Gas Masks for the Fashion-Conscious Survivalist

Jul 21, 2014 at 7:02 AM ET

If TV series and blockbuster movies are any indication, the apocalypse is an inevitability. The question is, then: Can you be too prepared? Well, breathe easy (literally). The first “Social Gas Mask” is the latest in warfare innovation—and it looks pretty sleek, too. Sure, it’s still a piece of air-purifying headwear designed for chemical warfare or whatever doomsday scenario ends up playing out, but it’s also one that won’t make you look like a giant insect.

The mask, designed to allow for seamless social interactions like movie nights on the couch (see below), is the brainchild of Zlil Lazarovich. The Israeli industrial designer created the equipment out of silicone, polycarbonate and neoprene as part of her final project at Israel’s Shenkar College of Design.

“The large window allows to show a greater range of facial expressions by exposing the upper cheeks, eyebrows and full width of the eyes area,” Lazarovich says. “The wide, cheeky shape of the filters gives the impression of a wide, healthy and happy face instead of a long, skeleton-like one.”

As a practical piece of equipment, the early gas mask rose to prominence during World War I, when poison gas was frequently used as a weapon. And if Lazarovich’s Tumblr tells us anything—it features images of gas masks through history—her new version appears to be the apex of the mask’s design. “As opposed to current masks that often hide the user’s face, restrict communication and facial expressions, and look like an alien,” she says, “the Social Gas Mask has a number of features designed to offer an empowering image and a positive experience.”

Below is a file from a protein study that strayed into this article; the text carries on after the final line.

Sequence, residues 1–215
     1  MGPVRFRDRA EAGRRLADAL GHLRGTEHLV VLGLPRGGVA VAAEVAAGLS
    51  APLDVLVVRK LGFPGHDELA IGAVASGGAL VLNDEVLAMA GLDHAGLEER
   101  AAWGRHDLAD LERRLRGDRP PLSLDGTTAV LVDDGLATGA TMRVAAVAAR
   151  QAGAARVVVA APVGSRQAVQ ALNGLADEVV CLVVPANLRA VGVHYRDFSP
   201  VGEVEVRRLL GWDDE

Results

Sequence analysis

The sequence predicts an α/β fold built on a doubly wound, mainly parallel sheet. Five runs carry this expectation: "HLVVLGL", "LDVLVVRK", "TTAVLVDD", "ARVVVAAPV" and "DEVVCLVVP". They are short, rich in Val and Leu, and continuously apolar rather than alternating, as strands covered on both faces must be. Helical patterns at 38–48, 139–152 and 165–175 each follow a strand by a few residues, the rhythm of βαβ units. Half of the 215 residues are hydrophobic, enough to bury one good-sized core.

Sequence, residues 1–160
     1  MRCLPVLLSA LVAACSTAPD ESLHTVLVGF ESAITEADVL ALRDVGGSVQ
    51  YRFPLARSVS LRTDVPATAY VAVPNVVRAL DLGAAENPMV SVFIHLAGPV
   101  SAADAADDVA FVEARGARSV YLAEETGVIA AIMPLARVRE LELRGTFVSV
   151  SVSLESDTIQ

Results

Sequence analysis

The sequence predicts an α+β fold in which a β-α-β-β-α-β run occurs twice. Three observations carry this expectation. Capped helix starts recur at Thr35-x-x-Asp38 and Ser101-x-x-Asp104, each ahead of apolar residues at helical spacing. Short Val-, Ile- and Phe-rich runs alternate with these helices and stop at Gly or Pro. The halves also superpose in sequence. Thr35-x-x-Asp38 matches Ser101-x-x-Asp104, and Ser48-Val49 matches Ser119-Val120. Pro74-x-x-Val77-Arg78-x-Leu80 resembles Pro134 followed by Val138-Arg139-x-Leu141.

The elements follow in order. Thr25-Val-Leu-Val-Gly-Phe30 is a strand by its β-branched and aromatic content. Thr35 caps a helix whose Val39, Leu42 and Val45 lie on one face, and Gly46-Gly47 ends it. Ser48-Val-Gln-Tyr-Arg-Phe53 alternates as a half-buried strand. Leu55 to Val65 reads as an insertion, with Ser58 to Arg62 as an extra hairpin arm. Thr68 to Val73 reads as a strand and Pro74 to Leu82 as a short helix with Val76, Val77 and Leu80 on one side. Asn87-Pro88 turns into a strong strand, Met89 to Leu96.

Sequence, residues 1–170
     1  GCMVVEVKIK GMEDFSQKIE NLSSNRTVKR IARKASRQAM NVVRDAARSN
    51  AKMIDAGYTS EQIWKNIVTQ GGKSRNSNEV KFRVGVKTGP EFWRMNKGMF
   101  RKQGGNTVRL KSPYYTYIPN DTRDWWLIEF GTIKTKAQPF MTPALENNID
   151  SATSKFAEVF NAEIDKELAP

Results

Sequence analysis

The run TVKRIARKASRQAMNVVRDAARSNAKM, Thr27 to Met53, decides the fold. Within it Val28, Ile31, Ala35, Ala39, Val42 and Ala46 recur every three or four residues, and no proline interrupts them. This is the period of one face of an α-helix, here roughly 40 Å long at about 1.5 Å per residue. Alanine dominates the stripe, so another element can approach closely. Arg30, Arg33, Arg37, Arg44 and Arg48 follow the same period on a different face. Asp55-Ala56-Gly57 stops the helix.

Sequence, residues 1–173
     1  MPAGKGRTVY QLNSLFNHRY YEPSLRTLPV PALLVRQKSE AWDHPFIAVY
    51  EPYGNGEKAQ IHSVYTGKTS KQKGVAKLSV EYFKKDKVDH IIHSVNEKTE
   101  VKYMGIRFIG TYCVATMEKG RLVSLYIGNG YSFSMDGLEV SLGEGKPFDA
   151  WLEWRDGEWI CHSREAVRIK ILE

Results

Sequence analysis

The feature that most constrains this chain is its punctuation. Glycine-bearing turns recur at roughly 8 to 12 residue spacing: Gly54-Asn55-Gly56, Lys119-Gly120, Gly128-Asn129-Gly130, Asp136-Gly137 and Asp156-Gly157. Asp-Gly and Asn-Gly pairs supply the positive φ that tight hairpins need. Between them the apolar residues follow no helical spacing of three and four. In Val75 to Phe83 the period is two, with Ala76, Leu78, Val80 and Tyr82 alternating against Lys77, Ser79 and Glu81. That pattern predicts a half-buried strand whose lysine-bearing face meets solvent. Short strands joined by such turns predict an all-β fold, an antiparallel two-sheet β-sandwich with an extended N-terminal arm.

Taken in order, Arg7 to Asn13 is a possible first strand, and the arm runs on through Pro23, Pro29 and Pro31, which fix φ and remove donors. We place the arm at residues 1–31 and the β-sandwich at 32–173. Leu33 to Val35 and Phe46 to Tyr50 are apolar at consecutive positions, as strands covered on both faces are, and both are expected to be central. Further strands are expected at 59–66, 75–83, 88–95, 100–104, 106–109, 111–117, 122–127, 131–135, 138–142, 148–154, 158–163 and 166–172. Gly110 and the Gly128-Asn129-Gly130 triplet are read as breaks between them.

The project stems from the designer’s memories as a 4-year-old during the 1991 Gulf War. “I remember the alarms, the panic, my parents putting on my mask and sitting for long periods of time in the chemically sealed room we prepared at home,” Lazarovich says. “These events and memories, which are not unique to myself but are also a part of the collective memory of all Israelis, made me realize how important it is to maintain a sense of normality even in the most stressful times.”

Chemical warfare is thankfully a rare occurrence these days, so you have to wonder where, or if, a market for a device like this exists. Full-on chemical attacks have taken place most recently in Syria, but a slimline, ergonomic mask is likely going to price the average Syrian out of the market. If it works for tear gas, there may be a burgeoning growth market in street protesters, with the added benefit of being more aerodynamic for eluding cops (a definite cut above the protester-standard plastic bottles and cloth soaked in vinegar). And there’s always the large community of preppers and survivalists, who maintain a constant state of readiness for the end of the world.

For her part, Lavarovich calls the mask a “concept,” and doesn’t have plans to put it to market just yet. But, concept or not, the design is clearly a lot more attractive and practical than the original. As Lazarovich promises on her site, the mask “facilitates better communication” between family members during a moment of crisis. And when you’re in a basement with panicked kids, not looking like a horror movie slasher is definitely a plus.